By HCR Staff | December 26, 2020
If you follow our site, you know that our primary objective is to judge every NFL head coach’s in-game performance pursuant to a proprietary algorithm. The algorithm produces a numeric grade for every head coach, in every regular season game, on a scale of 0-10, with 10 being best.
NFL official statistics provide a ‘passer rating’ for every quarterback’s performance; we’re essentially doing the same for head coaches.
In a sport that’s full of new metrics, we couldn’t find one that measured every head coach’s in-game effectiveness, so we invented our own. And as American football’s the most highly orchestrated sport, the in-game judgments and choices of a head coach has a more direct bearing on the outcome than the performance of any player.
As we began rating the head coaches, it occurred to us that perhaps our ratings could be used to help sports bettors. Bettors have a plethora of information available to them to assist them in making their betting choices – home/away data, injury data, turf/surface data, weather conditions, etc.
But we realized one thing was missing, and we felt, the most important thing: the head coach’s in-game abilities to make good judgments and choices.
So we came up with two algorithms, both separate, that bettors could use separately, or in tandem, to help them with their gaming choices. Neither algorithm considers any other information other than our own proprietary HCR rating for each head coach. In other words, we don’t look at home/away records, injuries, weather, surface, etc.
We just look at the head coach’s in-game effectiveness.
One algorithm is for Moneyline bets; here, and subject to a few other conditions, we simply favor the higher rated coach, at that moment in time.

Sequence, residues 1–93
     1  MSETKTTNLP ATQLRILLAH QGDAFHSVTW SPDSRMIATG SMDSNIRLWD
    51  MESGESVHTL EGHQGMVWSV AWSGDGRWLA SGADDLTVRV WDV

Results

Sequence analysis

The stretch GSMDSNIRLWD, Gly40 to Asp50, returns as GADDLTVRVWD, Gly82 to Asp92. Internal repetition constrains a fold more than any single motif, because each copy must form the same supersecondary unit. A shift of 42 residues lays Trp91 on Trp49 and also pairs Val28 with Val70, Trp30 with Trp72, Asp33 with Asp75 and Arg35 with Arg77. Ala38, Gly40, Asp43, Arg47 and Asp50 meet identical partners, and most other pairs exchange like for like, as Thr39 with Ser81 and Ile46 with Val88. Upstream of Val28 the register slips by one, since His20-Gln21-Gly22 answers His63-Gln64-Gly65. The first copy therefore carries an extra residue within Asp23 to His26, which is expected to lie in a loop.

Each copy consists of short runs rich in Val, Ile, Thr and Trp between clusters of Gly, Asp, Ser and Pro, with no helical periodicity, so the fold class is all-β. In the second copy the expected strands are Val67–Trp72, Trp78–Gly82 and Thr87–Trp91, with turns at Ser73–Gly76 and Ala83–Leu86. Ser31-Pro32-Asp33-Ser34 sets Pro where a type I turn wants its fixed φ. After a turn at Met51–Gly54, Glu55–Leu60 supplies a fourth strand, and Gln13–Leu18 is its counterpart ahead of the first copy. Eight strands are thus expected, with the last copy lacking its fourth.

The other algorithm is for Against-The-Spread (ATS) bets; here, our HCR ratings for each coach in a particular matchup interact with the early-in-the-week Wednesday consensus line. Subject to few other conditions, our algorithm simply spits out a recommendation.
This is where we have to emphasize: we are not a sports book, we are not a wagering site, we are not mathematicians, etc. We are people who just like football – a lot – and we follow it closely.
Given what we aren’t, and as you try to understand our two separate algorithms for betting suggestions, it’s important to keep in mind that the algorithms are not designed to act in concert.
We are simply advising bettors what our separate algorithms recommend for Moneyline and ATS wagers. A bettor can choose to follow one, neither, or both – and on the occasions that the algorithmic results for a particular game are in conflict, a bettor could take that as a signal to simply avoid the game.
We’ve had experienced gamblers, far smarter than us on these topics, passionately point out the conflicting results in our algorithm for certain games. Yes, it happens, but not often.
But we just want to remind our readers and bettors following our site that we’re not a sports book – there isn’t a single person making the lines here and making them consistent. We’re a site that simply has developed two separate algorithms, and we just relay what the game to game suggestions are, and we will let you decide what you want to do with the suggestion.
Since we publicly debuted our betting algorithms halfway through the 2017 regular season and the Moneyline and ATS suggestions each week, we are, to date, 63% on Moneyline and 56% on ATS wagers. That’s the objective data.
When we debuted, we had no idea whatsoever how our algorithms would hold up. To date, however, they’ve held up well. When we consider we’re only looking at our own HCR ratings for each head coach, and not any other variable, we think our algorithms have held up remarkably well.
Whether you choose to use our ratings in making your betting selections is up to you. But if you’re an educated football fan or bettor, you probably do feel, to some degree, that the quality of the head coach has an effect on the outcome of every game. That’s all we’re trying to help you with.
One last thing to share: NFL teams have visited our site. Apparently, their analytics people are curious about what we think of their head coaches too.